Tuesday, April 02, 2013

To strike the un-strikeable strike

So, in my previous post I basically said that Aiki guys need to use strikes to be "real martial artists", but not really.  Some of my readers jumped in on my FB group and said, "That's stupid, there's nothing keeping an Aiki-guy from knocking someone senseless (in a loving harmonious way) if'n they so desire.
You guys are catching onto a couple of my big secrets...
  1. I am not infallible in my opinions - sometimes I'm even completely full of B.S.
  2. No blog post is complete - that's the nature of the beast.  In fact, the most successful blog posts are selective enough to stir enough controversy to elicit a reader response.
But, let's get back to the idea of atemi - to smash or not to smash.  I gave several rules of thumb yesterday about why percussive atemi is non-preferable in aikido.  Today maybe we could point out and discuss some specific instances where we like the effects we get from percussion.  Here's a handful of my favorites that might not be as intuitive as a knuckle in the nose...
  • I am a big fan of the outward hammer from naihanchi/tekki applied to the corner of a jaw.  I frequently tell folks if they end up on the inside in control of one arm and want to slow down or eliminate the threat of the other arm, to turn uke's face away by pushing (or hammering) on the opponent's jaw.  This is one of my favorite atemi in aiki situations.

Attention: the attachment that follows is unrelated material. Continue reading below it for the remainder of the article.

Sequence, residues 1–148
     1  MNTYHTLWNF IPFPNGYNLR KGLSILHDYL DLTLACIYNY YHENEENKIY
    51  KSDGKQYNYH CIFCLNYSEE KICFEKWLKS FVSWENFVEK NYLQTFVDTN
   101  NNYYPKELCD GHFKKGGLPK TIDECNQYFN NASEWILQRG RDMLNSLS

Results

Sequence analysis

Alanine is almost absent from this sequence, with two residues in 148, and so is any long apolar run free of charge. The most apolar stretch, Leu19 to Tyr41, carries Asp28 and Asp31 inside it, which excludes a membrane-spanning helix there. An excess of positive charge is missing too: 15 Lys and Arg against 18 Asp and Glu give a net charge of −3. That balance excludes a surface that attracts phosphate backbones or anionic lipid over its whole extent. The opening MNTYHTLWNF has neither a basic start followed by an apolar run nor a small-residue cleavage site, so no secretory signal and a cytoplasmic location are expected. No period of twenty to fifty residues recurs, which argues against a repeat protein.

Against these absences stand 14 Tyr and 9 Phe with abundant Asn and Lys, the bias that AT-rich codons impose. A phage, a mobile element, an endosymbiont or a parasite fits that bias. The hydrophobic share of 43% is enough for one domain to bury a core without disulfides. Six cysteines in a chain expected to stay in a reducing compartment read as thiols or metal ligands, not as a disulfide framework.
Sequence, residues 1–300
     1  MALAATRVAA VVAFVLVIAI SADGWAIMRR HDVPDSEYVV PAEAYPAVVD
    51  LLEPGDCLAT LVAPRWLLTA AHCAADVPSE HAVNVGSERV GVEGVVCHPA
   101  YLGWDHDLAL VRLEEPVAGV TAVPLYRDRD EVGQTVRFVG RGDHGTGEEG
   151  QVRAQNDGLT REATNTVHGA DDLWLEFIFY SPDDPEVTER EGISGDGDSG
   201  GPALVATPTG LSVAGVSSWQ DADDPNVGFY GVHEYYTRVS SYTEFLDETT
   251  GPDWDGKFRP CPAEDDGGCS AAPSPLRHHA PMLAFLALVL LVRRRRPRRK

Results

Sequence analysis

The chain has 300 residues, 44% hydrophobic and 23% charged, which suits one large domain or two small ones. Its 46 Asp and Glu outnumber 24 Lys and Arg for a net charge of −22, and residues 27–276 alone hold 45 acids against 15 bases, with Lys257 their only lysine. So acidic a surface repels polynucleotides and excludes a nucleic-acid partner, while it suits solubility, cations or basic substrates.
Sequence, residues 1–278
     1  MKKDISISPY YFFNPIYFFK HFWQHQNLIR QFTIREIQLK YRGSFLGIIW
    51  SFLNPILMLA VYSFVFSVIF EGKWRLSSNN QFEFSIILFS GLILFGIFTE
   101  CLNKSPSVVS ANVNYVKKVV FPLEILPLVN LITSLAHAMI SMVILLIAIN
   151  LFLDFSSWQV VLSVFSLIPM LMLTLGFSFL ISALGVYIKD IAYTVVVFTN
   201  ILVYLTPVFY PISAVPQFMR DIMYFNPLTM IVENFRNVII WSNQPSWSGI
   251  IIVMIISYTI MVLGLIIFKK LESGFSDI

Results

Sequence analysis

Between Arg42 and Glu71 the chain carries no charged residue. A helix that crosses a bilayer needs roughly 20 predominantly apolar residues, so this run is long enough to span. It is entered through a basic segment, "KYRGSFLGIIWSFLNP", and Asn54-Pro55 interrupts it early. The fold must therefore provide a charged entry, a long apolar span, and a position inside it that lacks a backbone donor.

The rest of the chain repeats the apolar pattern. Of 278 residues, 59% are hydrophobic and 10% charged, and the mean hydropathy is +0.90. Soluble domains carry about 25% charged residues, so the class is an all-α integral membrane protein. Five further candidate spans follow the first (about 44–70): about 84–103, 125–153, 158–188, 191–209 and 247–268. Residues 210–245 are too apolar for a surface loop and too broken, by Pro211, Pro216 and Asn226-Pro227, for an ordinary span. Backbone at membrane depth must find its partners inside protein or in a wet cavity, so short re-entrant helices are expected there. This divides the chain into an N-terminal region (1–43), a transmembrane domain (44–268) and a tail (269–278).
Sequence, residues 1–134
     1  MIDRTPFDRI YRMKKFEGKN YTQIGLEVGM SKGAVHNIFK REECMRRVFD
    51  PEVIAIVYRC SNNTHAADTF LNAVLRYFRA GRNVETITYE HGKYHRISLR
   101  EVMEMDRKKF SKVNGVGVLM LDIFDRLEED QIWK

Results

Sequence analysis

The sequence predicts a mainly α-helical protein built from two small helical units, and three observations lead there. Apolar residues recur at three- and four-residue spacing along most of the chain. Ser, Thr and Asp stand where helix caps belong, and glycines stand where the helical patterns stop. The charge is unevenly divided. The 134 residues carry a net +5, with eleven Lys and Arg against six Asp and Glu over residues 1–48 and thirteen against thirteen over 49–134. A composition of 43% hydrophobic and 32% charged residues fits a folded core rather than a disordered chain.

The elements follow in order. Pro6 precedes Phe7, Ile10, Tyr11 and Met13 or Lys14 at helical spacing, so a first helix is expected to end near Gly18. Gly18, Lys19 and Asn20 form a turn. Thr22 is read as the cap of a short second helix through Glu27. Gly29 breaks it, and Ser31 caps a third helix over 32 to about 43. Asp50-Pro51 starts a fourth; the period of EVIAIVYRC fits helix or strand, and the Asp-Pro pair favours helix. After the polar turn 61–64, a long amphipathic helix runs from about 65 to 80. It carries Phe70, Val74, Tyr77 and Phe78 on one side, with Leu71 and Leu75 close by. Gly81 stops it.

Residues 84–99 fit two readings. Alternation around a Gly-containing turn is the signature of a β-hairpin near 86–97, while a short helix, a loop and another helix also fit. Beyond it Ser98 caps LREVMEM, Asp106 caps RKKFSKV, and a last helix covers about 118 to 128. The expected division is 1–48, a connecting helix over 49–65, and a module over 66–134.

• I also enjoy cuffing ears with a cupped palm - certainly not on ukes or partners, but I will often indicate in iriminage where the head grab could just as well be a percussion to uke's far eardrum if you needed to disorient him more or dispose of him sooner.  This air-pressure cuffing strike is also extremely disorienting when applied to the orbit of an eye.
  • I have found that a straight, open-handed strike/push to uke's hip joint can be very disruptive and helpful in situations like kaitennage, udehineri, gedanate, or sukuinage.
How about you guys - where do you find some unusual atemi in aiki encounters?

photo courtesy of SigurdR

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Patrick Parker
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